Scotland Yard confirmed the “vast majority” of the 286 people arrested for public order offences were anti-fascists who, they said, had breached conditions imposed on Saturday’s marches.
A spokesperson said the Met took a “balanced approach” to reducing violence and disorder and would consider legal representations on bail conditions upon receipt.

Lewisham hospital victory march

CAMPAIGNERS to save Lewisham Hospital’s maternity and accident and emergency units last Saturday staged a victory march through the town centre to mark a court success against the plans by Health Secretary Jeremy Hunt to close Lewisham’s maternity accident and A&E units in order to bail out the bankrupt neighbouring South London Health Trust.
But the battle is far from over. Hunt decided to lodge an appeal against the ruling of Judge Justice Silber at the very last minute so the case will now go to the Appeal Court.
Local campaigners were angry at the waste of taxpayers’ money in dragging out the legal battle.
But leading campaigner George Hallam from the People before Profit Party pointed out a more serious threat to Lewisham Hospital from a Department of Health decision to carve up and rearrange south London’s hospital trusts.
The Queen Elizabeth Hospital on Woolwich Common – sinking under the weight of PFI debts – is to be detached from the bankrupt South London Healthcare Trust and put in a new trust specially created trust with Lewisham.
It will leave Lewisham’s maternity and A&E safe for a few years. But, as campaigner Helen Mercer has shown, it will not be long before the Woolwich hospital’s debts render the new trust insolvent and the cuts will be put on the agenda again.
In a paper presented to the campaign and to the health authorities, Helen Mercer argued: “The Government’s own figures show that over the next 16 years PFI charges on the new merged Trust will increase by an average 4.7 per cent per year. In contrast, Government support for these charges will be frozen after 2015. Consequently the burden of unsupported PFI charges the new Trust will inherit from QEH will grow an average rate of 6.7 per cent.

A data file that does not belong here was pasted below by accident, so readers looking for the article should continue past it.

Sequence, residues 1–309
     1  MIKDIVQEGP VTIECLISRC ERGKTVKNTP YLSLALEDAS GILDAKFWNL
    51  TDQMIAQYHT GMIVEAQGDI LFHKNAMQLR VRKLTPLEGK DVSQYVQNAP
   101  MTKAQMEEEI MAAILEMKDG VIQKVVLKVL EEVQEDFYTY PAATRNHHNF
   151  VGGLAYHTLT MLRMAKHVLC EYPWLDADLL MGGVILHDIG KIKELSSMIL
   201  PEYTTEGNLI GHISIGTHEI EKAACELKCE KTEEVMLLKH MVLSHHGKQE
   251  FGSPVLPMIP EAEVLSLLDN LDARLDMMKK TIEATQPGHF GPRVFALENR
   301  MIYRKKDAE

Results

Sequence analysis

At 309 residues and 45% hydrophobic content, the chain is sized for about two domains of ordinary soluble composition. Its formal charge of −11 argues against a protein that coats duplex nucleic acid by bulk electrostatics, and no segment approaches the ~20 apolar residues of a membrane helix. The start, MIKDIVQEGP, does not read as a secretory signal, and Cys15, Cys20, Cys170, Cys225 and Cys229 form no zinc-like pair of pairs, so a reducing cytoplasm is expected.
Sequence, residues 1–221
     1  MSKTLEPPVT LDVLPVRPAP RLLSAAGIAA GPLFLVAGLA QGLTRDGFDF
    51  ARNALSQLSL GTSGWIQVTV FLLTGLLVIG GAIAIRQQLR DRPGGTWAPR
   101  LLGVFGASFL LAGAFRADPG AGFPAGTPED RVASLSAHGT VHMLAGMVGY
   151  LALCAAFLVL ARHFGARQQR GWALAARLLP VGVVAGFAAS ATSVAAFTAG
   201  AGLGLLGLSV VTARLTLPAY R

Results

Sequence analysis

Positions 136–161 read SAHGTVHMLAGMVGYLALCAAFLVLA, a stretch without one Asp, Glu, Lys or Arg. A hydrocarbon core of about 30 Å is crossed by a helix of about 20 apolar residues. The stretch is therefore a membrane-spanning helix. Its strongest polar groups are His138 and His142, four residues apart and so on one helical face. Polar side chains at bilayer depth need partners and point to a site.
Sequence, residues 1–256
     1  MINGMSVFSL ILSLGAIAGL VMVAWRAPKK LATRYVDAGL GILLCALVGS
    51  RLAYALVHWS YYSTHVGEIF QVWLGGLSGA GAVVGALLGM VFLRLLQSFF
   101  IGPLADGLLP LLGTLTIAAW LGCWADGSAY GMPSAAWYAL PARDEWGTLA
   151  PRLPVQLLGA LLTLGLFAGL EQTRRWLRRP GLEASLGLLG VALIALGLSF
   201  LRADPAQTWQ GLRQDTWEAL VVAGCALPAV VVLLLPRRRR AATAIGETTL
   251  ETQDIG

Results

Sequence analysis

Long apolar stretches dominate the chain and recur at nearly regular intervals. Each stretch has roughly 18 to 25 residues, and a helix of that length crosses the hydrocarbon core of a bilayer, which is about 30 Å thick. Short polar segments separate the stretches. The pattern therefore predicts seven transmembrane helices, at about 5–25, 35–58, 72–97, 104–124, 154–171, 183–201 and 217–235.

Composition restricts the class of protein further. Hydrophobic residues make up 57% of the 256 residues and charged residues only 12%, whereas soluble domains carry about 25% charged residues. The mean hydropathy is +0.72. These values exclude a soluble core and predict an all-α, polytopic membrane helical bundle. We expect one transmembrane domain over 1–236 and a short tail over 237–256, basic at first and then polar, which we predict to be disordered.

“In cash terms the unsupported PFI burden will grow from 17 million this year to 20 million in 2016-17, to 25 million in 2019-20. By 2029-30 it will be an extra 47.7 million in.
“This means that just to remain solvent the new Trust will have to make ‘savings’ of millions of pounds every single year. The only way of avoiding these will be to increase income by expanding provision for private patients.
“Inevitably, a point will be reached were the only way of making ends meet will be through the same sort of savage cuts, such as the closure of whole departments, that the Special Administrator has sought to impose. The difference will be that such cuts will be an internal matter for the Trust and so not something we can challenge through a Judicial Review.
“Recognition of the extent of the problem puts an unavoidable duty on the campaign to discuss a response, to seek legal advice as necessary and to raise the issue publicly.
“I propose that SLH agrees that support for the merger will depend on the liquidation of, or at least renegotiation, of PFI commitments.
“One possible route might be to argue that the merger as envisaged should be reviewed with the aim of ensuring that any merger that does take place is preceded by a clear indication of how the PFI debts of the merged trust are to be paid in such a way as to avoid future threats to A&E, maternity services and so on in either hospital.
“Clearly, this requires taking legal advice. Unless this is done, the only way that the new Trust will be viable is through cuts and increased private patients.”
A report issued last week by the Office of National Statistics showed that 21,000 NHS jobs were lost over the last three months
TUC general secretary Frances O'Grady said: “These figures show how government cuts are continuing to hit vital frontline services with 21,000 jobs lost in the NHS over the last three months alone.
“Despite the Chancellor's boasts this week, austerity is continuing to cause damage and we are far from a strong and sustained jobs recovery.”

An afternoon for Korea

By New Worker correspondent
FRIENDS of the Korean revolution returned to the historic Lucas Arms in north London on Saturday for a further celebration of the foundation of the Democratic People’s Republic of Korea. Academics and school students joined Korean solidarity workers to take part in the meeting called by the British Juché Idea Study Group at the Kings Cross pub, which has been a working class venue for many years and was the place where the Committee to Defeat Revisionism for Communist Unity was founded to challenge the leadership of the old Communist Party of Great Britain in 1963.